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Quantifying adoption barriers in mercury-free equipment among artisanal and small scale gold miners in Ghana

Energy & Environment Ghana

Photo Credit: Chiman Cheung

Policy Context

Artisanal and small-scale gold mining (ASGM) is the largest global source of mercury pollution, releasing over 2,000 tonnes annually, as reported in the UNEP Global Mercury Assessment 2018. The process of extracting gold particles from other substances in the ore often involves directly handling mercury with bare hands and burning the amalgam. This practice directly affects miners, many of whom inhale mercury vapor or absorb the substance into the body through contact. The dangers of mercury are not limited to miners. Neighboring communities are exposed through the careless disposal of mercury into bodies of water. Symptoms of mercury exposure in humans can include essential tremors, liver and kidney damage, impaired hearing, blindness, skin cancer, respiratory infections. It can also damage reproductive health and cause cerebral palsy in fetuses.

Solidaridad, an NGO in Ghana, has made some progress by distributing six advanced mercury-free processing units to mining regions. However, the high cost of these units, ranging from $100,000-120,000, makes them unaffordable for most small-scale miners. To address this, Solidaridad is collaborating with a local manufacturer to develop a cheaper alternative priced at approximately USD 500. At the beginning of May, they will pilot these new devices on site with miners.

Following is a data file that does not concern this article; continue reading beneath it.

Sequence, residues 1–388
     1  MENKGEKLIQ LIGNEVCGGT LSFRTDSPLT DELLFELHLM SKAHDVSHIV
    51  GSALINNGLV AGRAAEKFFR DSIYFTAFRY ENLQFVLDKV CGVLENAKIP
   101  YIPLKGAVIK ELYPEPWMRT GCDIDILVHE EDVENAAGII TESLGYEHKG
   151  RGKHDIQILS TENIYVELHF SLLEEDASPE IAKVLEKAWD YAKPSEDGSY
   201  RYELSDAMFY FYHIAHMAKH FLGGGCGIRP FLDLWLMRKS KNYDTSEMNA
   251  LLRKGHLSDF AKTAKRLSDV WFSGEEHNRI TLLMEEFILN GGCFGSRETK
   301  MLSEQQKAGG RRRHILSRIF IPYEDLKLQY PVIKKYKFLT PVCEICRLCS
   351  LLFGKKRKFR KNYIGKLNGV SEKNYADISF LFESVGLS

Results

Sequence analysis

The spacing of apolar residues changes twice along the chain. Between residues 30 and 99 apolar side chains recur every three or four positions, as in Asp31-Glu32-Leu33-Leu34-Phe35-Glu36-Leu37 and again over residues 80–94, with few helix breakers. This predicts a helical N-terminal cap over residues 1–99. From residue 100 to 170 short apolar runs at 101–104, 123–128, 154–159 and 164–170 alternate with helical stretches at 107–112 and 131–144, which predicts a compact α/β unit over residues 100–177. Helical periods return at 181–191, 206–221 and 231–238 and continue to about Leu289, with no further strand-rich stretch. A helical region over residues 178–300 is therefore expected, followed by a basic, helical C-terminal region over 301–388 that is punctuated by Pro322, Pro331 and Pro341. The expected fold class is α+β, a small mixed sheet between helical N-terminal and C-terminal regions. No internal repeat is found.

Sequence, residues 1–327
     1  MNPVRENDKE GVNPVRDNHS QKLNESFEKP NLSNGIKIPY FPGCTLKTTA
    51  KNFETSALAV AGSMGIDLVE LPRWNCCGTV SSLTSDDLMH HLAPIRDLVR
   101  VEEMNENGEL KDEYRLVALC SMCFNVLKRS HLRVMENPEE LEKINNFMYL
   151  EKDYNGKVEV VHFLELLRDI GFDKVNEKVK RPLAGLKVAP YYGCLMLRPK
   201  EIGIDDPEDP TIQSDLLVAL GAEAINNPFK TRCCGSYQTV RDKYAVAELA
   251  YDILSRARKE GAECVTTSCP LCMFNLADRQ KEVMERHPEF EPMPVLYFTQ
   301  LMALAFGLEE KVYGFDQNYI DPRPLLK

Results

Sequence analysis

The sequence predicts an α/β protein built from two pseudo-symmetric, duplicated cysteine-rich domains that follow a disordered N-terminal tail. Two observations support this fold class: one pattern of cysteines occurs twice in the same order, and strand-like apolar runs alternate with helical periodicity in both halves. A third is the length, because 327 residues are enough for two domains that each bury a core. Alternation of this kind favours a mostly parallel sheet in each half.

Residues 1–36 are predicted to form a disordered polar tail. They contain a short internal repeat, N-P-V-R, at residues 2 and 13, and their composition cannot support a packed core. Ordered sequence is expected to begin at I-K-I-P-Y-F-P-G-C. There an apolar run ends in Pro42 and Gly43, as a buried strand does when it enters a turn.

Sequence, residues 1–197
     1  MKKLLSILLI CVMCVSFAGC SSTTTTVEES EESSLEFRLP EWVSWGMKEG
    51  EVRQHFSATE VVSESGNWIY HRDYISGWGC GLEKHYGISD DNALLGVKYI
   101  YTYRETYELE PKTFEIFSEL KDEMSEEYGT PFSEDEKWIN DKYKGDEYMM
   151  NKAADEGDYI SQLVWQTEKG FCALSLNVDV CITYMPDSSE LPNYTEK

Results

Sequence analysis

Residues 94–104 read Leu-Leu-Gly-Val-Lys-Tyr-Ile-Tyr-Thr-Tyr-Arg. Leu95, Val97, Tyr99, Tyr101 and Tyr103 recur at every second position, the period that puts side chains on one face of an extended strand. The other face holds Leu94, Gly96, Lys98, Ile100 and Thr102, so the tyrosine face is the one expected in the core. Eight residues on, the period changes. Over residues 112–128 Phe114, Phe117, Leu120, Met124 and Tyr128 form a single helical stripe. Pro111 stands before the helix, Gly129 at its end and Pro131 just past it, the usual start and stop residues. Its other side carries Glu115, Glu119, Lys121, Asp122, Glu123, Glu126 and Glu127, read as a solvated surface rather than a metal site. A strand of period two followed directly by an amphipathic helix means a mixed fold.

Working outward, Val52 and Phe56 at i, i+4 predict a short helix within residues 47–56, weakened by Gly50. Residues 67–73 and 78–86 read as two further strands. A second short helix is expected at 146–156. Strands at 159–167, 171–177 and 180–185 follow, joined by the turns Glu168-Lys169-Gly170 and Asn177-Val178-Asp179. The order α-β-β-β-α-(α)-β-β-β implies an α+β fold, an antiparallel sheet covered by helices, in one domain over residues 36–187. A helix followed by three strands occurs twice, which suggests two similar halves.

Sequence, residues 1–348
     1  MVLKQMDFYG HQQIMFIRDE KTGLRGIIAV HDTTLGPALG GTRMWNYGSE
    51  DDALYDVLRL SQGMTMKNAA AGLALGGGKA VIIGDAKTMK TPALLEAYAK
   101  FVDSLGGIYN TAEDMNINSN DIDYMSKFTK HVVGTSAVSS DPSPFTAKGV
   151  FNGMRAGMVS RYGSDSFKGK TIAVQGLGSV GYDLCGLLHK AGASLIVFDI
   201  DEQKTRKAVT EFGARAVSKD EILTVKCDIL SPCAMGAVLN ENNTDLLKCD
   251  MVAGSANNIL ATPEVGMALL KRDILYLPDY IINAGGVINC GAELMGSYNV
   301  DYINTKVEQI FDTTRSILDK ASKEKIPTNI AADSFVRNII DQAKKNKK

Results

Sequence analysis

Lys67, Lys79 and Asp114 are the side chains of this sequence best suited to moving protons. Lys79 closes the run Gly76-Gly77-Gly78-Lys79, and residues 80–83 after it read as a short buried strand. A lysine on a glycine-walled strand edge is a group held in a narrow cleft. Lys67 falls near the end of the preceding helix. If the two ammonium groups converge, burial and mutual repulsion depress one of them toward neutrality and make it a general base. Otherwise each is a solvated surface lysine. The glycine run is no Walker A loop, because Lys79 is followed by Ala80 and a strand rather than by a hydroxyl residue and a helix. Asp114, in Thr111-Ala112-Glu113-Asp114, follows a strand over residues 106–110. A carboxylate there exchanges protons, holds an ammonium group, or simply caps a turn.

Study Design

Chiman is working to design an RCT that implements a Becker-DeGroot-Marschak (BDM) mechanism, as outlined in Berry, Fischer, and Guiteras (2020), to estimate the demand curve for new clean mining equipment. The BDM price draws will create a treatment and a control group conditional on reported willingness to pay (WTP). Additionally, Chiman will provide ground-truthing for the technology by sampling water downstream of the mining sites, allowing the team and NGO to trace the key welfare outcome of interest: mercury concentration in river bodies.


Results and Policy Lessons


  • Chiman Cheung

2024 — 2025

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